“By moving adjustment disorder into this chapter, we hope to make it a more specific diagnosis reconceptualized as a stress-response syndrome following a traumatic or nontraumatic event,” Friedman said. “And we hope also to promote research on the variation in response to traumatic and nontraumatic events.”

Friedman added, “It’s a major change that we now have a chapter in DSM-5 specifically for diagnoses in which an adverse or traumatic event precedes the onset of symptoms.” ■

Additional information and audio clips of Friedman discussing “What is posttraumatic stress disorder?” and “Why is PTSD being grouped in a new category of DSM-5?” can be accessed at http://www.psychiatry.org/dsm5.

Key Points 

Trauma- and Stress-Related Disorders

  • This chapter groups together conditions in which symptoms occur after a distressing or traumatic event.

  • Acute stress disorder and PTSD are reconceptualized to account for a wider array of responses to adverse events that are experienced directly, witnessed, or experienced indirectly. Criteria for both no longer require a subjective response at the time of the adverse event.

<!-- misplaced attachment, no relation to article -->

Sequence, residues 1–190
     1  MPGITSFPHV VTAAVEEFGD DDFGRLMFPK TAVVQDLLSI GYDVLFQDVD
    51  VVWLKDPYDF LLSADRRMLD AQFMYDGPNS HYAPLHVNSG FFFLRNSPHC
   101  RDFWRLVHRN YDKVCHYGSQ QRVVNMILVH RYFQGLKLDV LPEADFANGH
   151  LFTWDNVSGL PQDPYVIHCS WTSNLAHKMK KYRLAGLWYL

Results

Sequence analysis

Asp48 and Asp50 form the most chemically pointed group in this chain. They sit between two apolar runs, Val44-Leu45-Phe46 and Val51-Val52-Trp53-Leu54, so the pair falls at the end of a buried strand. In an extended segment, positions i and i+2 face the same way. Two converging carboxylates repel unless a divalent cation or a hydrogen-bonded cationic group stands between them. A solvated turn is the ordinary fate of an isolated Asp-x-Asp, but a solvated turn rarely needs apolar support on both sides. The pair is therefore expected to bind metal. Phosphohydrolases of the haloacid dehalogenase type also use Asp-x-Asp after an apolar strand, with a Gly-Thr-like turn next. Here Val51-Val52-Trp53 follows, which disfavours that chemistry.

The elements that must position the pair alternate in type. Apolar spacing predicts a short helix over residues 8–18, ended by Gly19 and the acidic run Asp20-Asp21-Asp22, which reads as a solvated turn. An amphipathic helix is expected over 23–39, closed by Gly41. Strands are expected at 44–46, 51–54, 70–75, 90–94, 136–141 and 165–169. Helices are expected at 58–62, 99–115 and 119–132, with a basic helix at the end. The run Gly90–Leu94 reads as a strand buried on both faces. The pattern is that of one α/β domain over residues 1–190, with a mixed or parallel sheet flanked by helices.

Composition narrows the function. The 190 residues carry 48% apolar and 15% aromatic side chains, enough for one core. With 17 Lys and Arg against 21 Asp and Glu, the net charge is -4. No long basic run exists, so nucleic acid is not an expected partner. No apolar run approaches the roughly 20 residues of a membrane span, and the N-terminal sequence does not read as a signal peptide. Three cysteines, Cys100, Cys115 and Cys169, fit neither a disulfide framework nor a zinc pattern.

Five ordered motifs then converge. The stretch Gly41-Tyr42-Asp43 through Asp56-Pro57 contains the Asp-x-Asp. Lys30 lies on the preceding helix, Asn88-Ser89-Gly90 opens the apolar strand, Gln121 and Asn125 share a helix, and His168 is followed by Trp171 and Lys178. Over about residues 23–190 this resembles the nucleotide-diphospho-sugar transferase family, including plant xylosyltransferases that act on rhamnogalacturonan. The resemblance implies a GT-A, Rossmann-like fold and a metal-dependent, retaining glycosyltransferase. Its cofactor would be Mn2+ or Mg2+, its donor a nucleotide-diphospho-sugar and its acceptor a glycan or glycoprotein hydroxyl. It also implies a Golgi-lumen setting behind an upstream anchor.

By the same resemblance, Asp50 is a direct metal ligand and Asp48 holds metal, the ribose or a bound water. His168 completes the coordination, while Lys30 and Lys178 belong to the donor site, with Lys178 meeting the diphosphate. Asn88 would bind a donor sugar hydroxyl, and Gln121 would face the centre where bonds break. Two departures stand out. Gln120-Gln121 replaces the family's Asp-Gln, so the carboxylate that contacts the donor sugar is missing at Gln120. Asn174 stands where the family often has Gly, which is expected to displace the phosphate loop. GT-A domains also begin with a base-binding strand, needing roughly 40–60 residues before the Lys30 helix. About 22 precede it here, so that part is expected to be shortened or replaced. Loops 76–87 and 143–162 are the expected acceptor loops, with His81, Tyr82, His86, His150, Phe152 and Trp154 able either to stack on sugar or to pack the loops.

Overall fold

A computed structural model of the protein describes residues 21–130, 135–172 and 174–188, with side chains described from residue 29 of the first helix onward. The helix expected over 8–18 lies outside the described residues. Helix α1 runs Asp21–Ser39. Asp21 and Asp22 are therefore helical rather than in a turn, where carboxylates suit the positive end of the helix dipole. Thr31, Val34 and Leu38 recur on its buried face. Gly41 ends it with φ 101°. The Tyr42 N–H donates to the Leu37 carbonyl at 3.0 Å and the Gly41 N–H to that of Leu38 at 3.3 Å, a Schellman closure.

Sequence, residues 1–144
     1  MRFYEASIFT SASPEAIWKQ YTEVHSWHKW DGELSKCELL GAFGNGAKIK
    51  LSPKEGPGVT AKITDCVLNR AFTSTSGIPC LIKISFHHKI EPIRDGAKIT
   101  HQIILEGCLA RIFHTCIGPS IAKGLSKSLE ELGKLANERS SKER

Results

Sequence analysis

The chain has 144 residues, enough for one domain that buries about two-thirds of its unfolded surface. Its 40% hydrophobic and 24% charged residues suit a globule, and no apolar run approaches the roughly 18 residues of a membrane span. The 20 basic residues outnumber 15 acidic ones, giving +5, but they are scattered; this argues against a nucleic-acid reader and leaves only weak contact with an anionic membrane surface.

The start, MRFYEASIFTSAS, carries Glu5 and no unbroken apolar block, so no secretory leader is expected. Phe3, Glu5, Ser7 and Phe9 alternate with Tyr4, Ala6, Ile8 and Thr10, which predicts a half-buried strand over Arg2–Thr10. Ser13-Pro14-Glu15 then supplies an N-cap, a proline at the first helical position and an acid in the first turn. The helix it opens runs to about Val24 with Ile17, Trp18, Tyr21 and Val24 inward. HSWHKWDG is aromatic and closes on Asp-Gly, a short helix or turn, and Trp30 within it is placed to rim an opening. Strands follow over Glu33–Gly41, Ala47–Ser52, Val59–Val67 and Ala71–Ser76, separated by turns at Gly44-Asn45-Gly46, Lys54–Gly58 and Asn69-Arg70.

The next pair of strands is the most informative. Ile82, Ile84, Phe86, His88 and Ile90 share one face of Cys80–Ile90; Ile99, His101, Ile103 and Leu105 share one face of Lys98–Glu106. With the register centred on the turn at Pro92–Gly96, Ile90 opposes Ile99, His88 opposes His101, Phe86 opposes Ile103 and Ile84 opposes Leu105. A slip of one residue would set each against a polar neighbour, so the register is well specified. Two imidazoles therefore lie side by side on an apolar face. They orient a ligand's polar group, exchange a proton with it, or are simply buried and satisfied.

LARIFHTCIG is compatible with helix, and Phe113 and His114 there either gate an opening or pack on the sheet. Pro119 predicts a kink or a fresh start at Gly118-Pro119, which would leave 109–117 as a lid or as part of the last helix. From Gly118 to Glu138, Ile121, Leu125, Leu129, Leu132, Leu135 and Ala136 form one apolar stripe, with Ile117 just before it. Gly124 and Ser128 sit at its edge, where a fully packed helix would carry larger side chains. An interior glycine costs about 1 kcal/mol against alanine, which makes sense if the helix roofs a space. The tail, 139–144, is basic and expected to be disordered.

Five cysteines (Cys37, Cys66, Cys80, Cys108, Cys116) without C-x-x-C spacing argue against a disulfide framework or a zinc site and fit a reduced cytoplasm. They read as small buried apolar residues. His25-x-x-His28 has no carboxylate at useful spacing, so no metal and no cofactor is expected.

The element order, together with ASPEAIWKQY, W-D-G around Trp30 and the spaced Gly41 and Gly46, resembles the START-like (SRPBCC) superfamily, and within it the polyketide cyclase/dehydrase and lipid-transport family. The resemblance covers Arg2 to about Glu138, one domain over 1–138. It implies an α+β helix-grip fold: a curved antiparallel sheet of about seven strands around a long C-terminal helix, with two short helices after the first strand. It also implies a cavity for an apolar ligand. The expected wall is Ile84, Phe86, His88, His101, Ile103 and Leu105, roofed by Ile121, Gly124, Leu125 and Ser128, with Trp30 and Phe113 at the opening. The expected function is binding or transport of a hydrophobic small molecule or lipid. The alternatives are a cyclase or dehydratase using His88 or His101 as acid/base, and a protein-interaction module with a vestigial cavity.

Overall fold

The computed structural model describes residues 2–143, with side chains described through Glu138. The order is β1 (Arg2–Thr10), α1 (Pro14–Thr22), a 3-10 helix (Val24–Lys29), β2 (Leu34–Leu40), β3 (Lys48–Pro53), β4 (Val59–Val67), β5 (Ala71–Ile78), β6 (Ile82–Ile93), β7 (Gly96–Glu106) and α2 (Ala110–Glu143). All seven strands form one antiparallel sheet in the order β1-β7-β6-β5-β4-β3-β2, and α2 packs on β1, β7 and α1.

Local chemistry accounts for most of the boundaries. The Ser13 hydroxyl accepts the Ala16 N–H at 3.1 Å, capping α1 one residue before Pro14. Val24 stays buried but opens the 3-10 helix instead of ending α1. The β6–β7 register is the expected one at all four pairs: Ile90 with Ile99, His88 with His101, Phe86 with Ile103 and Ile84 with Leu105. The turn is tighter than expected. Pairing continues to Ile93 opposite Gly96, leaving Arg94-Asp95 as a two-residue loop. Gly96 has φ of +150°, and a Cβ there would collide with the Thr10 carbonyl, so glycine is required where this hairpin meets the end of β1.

• PTSD now includes four symptom clusters: re-experiencing, avoidance, persistent negative alterations in mood and cognition, and arousal.

  • Adjustment disorder has been included in the chapter in an effort to reconceptualize it as a specific stress-response syndrome following a traumatic or nontraumatic event, rather than a residual diagnosis for individuals who do not meet criteria for other diagnoses.

Dissociative Disorders

  • “Derealization” is included in the name and symptom structure of what previously was called depersonalization disorder and is now called depersonalization/derealization disorder.

  • Dissociative fugue is now a specifier of dissociative amnesia rather than a separate diagnosis.

  • Criteria for dissociative identity disorder have included a cross-cultural component that recognizes experiences of pathological possession in some cultures consistent with the description of identity disruption.